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News | Feb. 17, 2021

Geoeconomics and Great Power Competition

By David Petraeus INSS/PRISM Speaker Series

The US Department of Defense (DoD) Strategic Multilayer Assessment (SMA) program hosted a speaker session on February 17, 2021, presented by Gen (Ret.) David Petraeus (Partner and Chairman of the KKR Global Institute & Former Director of the Central Intelligence Agency; Commander of the International Security Assistance Force; Commander, US Forces – Afghanistan; Commander, US Central Command; and Commanding General, Multi-National Force – Iraq), as a part of its SMA INSS/PRISM Speaker Series.


Gen Petraeus began his presentation by stating that the competition between the US and China is not militarily- or economically-centric. Instead, the Sino-US competition is focused on governmental and international systems. Gen Petraeus stated that while the Chinese Communist Party’s (CCP) control of China’s domestic economy does give the nation some advantages, the US’s free market provides advantages of its own. According to Gen Petraeus, a country’s GDP drives its ability to invest in its military and defense systems. He stated that China’s recent domestic economic growth, which has pulled millions of its citizens out of poverty, gives the CCP the ability to better compete with the US in a variety of domains. He then used the US falling behind China in its production of semiconductors as evidence of China’s increased ability to compete. Nonetheless, Gen Petraeus believes that the US maintains an overall military and economic advantage over China. He also emphasized that the US should rely on its allies more than ever to counteract an increasingly powerful China.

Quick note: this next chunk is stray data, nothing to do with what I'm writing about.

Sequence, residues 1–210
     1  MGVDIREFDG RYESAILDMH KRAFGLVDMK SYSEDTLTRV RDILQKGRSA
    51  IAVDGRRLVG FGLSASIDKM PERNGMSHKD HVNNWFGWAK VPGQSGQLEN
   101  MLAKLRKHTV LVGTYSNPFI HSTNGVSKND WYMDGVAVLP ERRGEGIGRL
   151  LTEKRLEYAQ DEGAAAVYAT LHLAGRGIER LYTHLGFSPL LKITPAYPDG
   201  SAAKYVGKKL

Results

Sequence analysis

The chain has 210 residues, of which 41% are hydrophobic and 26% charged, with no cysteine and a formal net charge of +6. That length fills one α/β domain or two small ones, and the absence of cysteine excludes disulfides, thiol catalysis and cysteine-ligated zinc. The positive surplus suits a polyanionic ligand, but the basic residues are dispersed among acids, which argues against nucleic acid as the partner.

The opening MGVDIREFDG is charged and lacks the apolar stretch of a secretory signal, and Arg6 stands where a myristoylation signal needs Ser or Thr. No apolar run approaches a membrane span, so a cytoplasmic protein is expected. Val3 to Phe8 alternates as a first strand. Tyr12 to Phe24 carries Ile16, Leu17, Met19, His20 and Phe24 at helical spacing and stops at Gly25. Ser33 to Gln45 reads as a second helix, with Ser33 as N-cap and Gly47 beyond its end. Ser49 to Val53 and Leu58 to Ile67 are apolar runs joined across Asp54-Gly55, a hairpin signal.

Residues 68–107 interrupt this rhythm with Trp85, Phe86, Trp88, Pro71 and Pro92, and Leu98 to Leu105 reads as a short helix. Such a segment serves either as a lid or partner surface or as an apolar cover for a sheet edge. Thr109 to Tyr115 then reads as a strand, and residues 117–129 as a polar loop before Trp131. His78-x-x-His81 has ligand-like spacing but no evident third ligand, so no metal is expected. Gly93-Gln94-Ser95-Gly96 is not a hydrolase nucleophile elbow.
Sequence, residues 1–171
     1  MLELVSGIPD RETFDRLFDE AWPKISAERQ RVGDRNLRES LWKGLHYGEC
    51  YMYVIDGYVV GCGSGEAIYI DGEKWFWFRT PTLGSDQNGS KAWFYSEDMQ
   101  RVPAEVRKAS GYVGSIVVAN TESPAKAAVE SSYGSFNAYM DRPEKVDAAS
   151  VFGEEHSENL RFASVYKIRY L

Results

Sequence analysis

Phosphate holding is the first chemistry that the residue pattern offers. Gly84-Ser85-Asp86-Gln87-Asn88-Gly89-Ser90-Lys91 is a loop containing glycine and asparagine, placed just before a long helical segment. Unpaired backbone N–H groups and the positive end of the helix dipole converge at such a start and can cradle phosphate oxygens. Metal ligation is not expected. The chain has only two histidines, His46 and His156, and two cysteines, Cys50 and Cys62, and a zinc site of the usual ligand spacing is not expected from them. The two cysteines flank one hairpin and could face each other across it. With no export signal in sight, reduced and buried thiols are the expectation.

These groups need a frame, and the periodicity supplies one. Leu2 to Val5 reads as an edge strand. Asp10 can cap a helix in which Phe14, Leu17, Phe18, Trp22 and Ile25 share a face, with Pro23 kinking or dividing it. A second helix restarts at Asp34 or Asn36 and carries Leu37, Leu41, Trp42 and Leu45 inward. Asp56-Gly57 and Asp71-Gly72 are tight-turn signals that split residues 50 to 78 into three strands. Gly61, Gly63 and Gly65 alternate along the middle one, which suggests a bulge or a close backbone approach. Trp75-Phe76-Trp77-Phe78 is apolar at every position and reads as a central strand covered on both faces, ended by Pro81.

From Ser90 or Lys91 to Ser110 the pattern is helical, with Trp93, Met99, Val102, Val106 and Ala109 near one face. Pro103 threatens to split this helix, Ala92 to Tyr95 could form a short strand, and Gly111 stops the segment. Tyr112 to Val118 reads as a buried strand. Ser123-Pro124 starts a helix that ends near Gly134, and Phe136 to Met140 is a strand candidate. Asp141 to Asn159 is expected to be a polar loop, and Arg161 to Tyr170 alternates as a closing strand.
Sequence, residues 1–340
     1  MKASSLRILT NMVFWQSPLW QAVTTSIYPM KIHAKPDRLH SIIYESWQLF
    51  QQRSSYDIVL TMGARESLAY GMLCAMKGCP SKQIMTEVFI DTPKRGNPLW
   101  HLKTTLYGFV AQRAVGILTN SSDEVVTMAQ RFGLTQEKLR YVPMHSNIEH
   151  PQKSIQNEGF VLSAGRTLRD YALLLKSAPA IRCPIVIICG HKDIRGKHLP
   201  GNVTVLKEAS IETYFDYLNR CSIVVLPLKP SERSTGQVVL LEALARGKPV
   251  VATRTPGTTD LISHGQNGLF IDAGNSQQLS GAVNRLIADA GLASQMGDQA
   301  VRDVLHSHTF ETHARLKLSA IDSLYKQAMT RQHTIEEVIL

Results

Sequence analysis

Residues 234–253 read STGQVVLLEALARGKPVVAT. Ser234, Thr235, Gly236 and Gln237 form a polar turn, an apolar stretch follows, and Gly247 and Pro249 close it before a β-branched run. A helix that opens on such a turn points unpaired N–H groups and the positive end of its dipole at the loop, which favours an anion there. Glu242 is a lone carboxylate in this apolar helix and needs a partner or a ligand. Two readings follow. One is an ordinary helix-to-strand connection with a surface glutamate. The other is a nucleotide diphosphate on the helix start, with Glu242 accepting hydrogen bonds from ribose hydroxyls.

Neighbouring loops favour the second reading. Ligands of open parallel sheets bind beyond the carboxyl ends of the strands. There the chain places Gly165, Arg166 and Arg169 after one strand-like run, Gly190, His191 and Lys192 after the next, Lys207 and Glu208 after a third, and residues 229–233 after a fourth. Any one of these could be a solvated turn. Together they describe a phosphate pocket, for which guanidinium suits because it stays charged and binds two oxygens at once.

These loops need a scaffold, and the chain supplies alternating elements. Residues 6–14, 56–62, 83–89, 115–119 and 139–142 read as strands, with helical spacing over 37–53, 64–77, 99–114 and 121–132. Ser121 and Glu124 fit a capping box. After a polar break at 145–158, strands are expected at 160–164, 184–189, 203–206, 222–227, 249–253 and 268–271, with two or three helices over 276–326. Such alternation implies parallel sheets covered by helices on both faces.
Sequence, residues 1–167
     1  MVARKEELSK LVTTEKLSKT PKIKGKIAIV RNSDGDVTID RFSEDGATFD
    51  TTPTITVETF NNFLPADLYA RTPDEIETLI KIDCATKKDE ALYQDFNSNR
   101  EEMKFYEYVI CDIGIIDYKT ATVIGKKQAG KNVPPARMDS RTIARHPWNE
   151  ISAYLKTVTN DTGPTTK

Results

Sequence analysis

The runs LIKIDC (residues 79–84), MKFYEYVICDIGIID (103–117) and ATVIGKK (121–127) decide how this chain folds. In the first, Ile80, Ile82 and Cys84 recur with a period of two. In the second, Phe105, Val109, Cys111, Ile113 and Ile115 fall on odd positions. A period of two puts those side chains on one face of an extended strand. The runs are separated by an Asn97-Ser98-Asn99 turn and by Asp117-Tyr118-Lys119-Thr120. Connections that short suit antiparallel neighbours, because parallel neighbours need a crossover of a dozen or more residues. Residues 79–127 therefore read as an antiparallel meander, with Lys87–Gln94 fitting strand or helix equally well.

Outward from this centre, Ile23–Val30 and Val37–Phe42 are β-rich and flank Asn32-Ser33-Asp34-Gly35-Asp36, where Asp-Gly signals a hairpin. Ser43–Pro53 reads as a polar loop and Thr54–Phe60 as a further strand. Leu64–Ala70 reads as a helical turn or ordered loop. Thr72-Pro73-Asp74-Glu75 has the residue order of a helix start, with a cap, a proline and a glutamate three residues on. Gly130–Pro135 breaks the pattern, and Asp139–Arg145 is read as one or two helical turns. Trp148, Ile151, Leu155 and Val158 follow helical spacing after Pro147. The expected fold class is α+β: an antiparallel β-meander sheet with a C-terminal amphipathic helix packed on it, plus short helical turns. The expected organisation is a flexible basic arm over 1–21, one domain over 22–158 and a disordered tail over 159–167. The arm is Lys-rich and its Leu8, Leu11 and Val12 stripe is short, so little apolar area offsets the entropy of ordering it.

Next, Gen Petraeus mentioned National Security Advisor Jake Sullivan’s four points for dealing with China globally, which are 1) the internal strengthening of US governmental institutions, 2) increasing cooperation with our democratic allies, 3) acknowledging the need to invest in competition for primacy in future technologies, and 4) conveying with clarity and consistency the repercussions of China overstepping its geographic and political boundaries. 

Gen Petraeus continued his presentation by emphasizing that the erosion of the relationship between the USG and the largest US technology companies is a significant issue that the US is facing. He stated that this erosion has occurred mostly due to the Snowden leaks, which caused corporations to become wary of cooperation with the USG. Gen Petraeus argued, however, that that corporations in the US have some responsibility for safeguarding the US’s national security.